Role of Concentration in Injury Paul Dent
Introduction • Paul Dent, MSc • Lecturer, Brunel University • BASES Accredited Sport & Exercise Psychologist • Reviewer SE and Accreditation Applications • Research: “Emotional Responses and Coping Skills in Injured Elite Athletes” • Contact: email@example.com • www.essential-sport.com
Previous Work • London Wasps • English Institute of Sport • British Judo • BAoFE • Ladies Golf • Injured Athletes • Platform Diving • Olympic Silver Medallists Athens 2004 • Commonwealth Games 2006
Concentration • Definition • Types & Shifting of Attentional Focus • Attentional Problems • Choking • Self-Talk • Tips & Exercises for Improving Concentration • Focus and the Injured Athlete
What is Concentration? Concentration is the ability to maintain focus on relevant environmental cues. Also called “attention”.
Types of Attentional Focus EXTERNAL INTERNAL Assess Perform BROAD NARROW Analyze Rehearse
Broad-External Used to rapidly assess a situation Narrow-External Used to focus exclusively on one or two external cues Broad-Internal Used to analyze and plan Narrow-Internal Used to mentally rehearse an upcoming performance or control an emotional state Four Types of Focus
Identifying Types of Focus • A “scrum half” is making a decision on which play to call • A bowler scans for tension before starting her approach • A golfer recalls a few previous similar shots when deciding on a club • A tennis player watches his toss as he starts his serve • A coach figures out the starting line-up
Shifting Attentional Focus When the environment changes rapidly, attentional focus must also change rapidly • Examples? • Shifting Exercise
Attentional Problems INTERNAL DISTRACTERS: Within ourselves, thoughts, worries, concerns EXTERNAL DISTRACTERS: Stimuli from the environment
External Distracters • Visual distractions • Auditory distractions • Gamesmanship (trash talking, psyching out opponent) • Examples?
Internal Distracters I can’t wait to celebrate! • Attending to past events (e.g. Lisa) • Attending to future events (“what if…”) • Choking • Overanalyzing body mechanics • Fatigue • Self-Talk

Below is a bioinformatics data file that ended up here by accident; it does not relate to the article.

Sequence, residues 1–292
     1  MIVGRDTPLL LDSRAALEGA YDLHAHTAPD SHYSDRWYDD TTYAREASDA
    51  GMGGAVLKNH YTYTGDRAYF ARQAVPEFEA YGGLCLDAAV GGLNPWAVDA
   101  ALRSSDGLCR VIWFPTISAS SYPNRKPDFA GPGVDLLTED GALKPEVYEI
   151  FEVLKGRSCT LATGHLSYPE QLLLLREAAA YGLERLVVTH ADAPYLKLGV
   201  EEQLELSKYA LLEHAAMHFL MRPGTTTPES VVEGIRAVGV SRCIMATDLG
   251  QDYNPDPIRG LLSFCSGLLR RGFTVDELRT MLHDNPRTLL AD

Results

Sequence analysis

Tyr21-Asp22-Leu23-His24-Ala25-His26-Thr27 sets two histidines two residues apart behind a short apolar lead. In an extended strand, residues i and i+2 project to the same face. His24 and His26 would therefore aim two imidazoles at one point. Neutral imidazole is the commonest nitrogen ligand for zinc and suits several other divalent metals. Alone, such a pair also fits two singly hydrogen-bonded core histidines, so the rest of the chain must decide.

SELF -TALK(Any Statement or Thought) POSITIVE Self-Talk Increases: Self-esteem Motivation Attentional Focus Performance NEGATIVE Self-Talk is: Critical Self-demeaning Counterproductive Anxiety Producing
Uses: *Concentration *Skill Acquisition *Breaking Bad Habits *Initiating Action *Sustaining Effort Changing Self-Talk: *Thought Stopping *Changing Negative ST to Positive ST Self-Talk (cont.)
An attentional process that leads to impaired performance and the inability to retain control over performance without outside assistance Choking
Practice with Distractions Use Cue Words to Focus (instructional & motivational) Employ Non-judgmental Thinking Establish Routines* Practice Eye Control Stay Focused in the Present Overlearn Skills Develop Competition Plans Tips for Improving Concentration on Site
Competition Routine Rugby Throw-In • Assess field position on way to line • Get ball and take deep breath • Look at ball & adjust hand position • Stagger feet and shift balance backwards • Raise ball overhead & keep elbows in and hips straight • Take a deep breath • Make call and make eye contact with target • Recoil and snap at waist
Exercises to Improve Concentration • Learn to Shift Attention • Learn to Maintain Focus • Search for Relevant Cues • Rehearse Game Concentration • Parking Thoughts
Attentional Focus with Respect to Injury • Focus is perhaps the most neglected and misunderstood psychological contributor to rehabilitation and return to sport • Facilitating cues include pain (as information), proprioceptive responses, physical dimensions such as range of motion and strength, information that you provide, support from others and feedback from physical therapy equipment
Injury and Attention • Interfering cues are comprised of negative thoughts, anxiety, pain (as a inhibitor), preoccupation with the rehabilitated area on return to sport, pressure from others to recover quickly, distractions during treatment and comparisons to others on return to sport. • Injured athletes often possess either external or internal focus styles that involve a preference to focus on external or internal information and that allow greater ease and comfort in processing the respective kinds of information • Injured athletes can learn to adjust focus much like a the beam of a torch in which it can be widened to illuminate a large area or narrowed to brighten a small area.
Injury and Attention • Patients with an external focus need to focus away from disruptive internal cues and onto necessary external cues such as instruction and feedback • Those with an internal style need to block out external distractions and focus on relevant internal rehabilitation cues • Injured athletes should balance long-term, short-term focus, pay attention to the four P’s (positive, process, present, progress), control their eyes and use keywords and rehabilitation imagery
Case Study: • Working in pairs, identify a patient who perhaps is lacking in focus through their rehabilitation, • Design a short intervention aimed at altering their attentional style / focus and state how you will monitor progress of the patient.